Students are highly encouraged to select an Academies affiliated UB Seminar. The UB Seminar is the entryway to your UB education. These are “big ideas” courses taught by our most distinguished faculty in small seminar settings.
Academies seminars are taught by our Academic Directors and distinguished UB faculty to provide students with mentored opportunities to explore ideas and issues in and outside the classroom. This is a great way to get to know faculty on campus and start building friendships with students who share similar interests.
Course information can be found below, but students should apply to the Academies to be enrolled in a seminar. Questions can be directed to the Academies at 716-645-8177 or via email at email@example.com.
As individuals, we are often concerned with our own health ? we want to be as healthy as possible, worry about getting sick, and try to manage our physical, mental, and social well being in a variety of ways. As a society, we are often concerned with our health and others? health ? current events like global epidemics, the spread of obesity and its health consequences, controversy over health care reform, just to name a few, highlight the importance of health in many social contexts. In this course, we will use big ideas from public health to explore individual and societal concerns about health. In particular, we will use the lens of public health to understand explain and address three big issues: mandatory vaccination (should parents be required to vaccinate their children?), health disparities (why does health depend on things like education, income, and race/ethnicity), and health care reform (should people be required to have health insurance and how do we pay for it?).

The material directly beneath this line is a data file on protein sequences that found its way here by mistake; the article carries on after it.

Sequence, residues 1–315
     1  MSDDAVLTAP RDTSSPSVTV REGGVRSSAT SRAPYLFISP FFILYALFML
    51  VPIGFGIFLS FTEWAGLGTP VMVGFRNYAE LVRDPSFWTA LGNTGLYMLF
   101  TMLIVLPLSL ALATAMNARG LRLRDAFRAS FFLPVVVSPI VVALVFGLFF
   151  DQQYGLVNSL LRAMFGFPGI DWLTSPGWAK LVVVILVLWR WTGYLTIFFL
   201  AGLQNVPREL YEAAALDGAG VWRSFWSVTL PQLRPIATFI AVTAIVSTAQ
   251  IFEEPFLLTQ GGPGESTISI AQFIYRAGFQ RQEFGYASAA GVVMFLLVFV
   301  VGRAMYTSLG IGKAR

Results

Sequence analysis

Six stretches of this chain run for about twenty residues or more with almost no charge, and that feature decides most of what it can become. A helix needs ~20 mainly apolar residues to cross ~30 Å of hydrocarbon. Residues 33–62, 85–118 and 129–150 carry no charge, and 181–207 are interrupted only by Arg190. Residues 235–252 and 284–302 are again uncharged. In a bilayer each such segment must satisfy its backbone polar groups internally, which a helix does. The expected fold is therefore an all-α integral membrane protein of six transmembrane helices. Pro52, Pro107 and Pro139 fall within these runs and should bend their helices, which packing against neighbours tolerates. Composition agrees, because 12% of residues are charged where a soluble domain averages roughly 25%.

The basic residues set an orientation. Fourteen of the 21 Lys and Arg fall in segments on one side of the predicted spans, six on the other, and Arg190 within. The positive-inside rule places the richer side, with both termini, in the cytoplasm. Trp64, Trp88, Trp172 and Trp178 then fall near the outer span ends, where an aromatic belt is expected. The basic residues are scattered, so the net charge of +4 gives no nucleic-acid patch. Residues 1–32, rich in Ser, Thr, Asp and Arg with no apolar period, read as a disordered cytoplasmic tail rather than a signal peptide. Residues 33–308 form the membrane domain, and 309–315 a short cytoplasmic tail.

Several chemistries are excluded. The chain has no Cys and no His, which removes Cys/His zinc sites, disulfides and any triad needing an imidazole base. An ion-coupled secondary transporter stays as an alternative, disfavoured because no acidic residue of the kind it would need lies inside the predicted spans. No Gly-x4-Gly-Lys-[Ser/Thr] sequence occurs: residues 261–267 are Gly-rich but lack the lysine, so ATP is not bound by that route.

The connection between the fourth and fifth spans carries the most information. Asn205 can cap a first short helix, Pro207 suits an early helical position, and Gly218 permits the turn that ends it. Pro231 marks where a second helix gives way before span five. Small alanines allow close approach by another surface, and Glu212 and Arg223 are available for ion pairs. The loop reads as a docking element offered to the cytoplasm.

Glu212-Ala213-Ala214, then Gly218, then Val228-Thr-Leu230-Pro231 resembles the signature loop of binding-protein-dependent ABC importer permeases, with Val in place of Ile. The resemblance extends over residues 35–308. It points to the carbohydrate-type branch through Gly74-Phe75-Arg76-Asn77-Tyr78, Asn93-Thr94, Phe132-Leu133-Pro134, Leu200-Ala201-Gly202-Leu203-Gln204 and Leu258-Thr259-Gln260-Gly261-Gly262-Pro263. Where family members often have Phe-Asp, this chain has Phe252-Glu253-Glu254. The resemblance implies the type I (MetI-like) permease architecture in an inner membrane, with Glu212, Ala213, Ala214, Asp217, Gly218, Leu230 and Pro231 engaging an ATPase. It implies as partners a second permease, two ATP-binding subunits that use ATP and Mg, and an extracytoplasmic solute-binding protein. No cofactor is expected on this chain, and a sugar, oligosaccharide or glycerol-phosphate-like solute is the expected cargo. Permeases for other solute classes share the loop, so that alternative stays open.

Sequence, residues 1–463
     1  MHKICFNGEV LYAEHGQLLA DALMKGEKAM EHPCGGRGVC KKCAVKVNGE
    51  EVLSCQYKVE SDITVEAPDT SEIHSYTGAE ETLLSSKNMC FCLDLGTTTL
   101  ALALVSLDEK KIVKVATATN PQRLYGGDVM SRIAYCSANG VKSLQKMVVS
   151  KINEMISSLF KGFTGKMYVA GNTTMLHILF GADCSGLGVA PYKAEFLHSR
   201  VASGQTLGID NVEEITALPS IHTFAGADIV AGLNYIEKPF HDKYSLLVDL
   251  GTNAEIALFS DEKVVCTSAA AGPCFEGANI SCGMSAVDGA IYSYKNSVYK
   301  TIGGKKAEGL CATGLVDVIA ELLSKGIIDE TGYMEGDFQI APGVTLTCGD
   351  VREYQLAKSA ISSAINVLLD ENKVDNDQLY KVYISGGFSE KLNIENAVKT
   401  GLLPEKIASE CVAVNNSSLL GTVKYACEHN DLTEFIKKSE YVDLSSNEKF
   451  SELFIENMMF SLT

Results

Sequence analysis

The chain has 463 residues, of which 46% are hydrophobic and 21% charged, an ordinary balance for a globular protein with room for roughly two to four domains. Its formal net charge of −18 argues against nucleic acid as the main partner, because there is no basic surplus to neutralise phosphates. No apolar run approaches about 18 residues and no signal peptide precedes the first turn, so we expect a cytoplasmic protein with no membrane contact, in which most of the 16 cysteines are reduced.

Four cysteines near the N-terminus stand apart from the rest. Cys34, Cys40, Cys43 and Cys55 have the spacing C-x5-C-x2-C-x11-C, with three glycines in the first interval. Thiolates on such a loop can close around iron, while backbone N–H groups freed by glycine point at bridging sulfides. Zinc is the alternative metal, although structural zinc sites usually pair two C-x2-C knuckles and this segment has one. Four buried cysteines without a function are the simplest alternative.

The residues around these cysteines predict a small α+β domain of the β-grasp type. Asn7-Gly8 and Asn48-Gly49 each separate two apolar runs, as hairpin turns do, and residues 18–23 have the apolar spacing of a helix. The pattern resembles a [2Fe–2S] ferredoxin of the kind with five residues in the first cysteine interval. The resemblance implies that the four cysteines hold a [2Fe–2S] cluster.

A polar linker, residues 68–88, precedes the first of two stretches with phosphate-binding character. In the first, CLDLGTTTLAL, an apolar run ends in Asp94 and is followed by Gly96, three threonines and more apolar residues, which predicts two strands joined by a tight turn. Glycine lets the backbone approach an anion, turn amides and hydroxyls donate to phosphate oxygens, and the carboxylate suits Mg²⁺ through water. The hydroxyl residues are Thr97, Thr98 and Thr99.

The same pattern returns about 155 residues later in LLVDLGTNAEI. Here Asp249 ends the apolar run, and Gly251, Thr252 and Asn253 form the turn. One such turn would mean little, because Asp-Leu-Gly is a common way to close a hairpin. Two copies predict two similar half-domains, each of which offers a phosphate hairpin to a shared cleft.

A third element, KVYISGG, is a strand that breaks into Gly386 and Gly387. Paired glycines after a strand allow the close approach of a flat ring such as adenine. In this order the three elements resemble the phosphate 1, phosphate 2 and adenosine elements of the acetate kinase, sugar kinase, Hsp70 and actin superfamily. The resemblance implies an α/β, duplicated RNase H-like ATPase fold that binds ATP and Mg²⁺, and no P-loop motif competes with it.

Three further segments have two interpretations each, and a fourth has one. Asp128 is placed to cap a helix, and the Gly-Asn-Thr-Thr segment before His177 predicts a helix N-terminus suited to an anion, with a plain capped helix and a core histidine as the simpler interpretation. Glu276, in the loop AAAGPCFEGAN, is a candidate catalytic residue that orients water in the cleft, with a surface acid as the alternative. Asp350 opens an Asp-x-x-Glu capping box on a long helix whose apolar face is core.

Global warming is the largest environmental issue global society has ever faced. Global warming affects sea level rise, storm frequency, droughts and potentially even wild winter weather experienced in Buffalo. Despite climate change costing global economies trillions of dollars, there is reluctance to alter ways of life and even plain denial that climate change relates to human activities. This UB Seminar focuses on the big and often controversial topic of global warming. Students will explore the science, impacts and mitigation of both global and local climate change through lectures, exercises, in-class activities, discussion and debate.
Last updated: October 26, 2016 9:51 am EST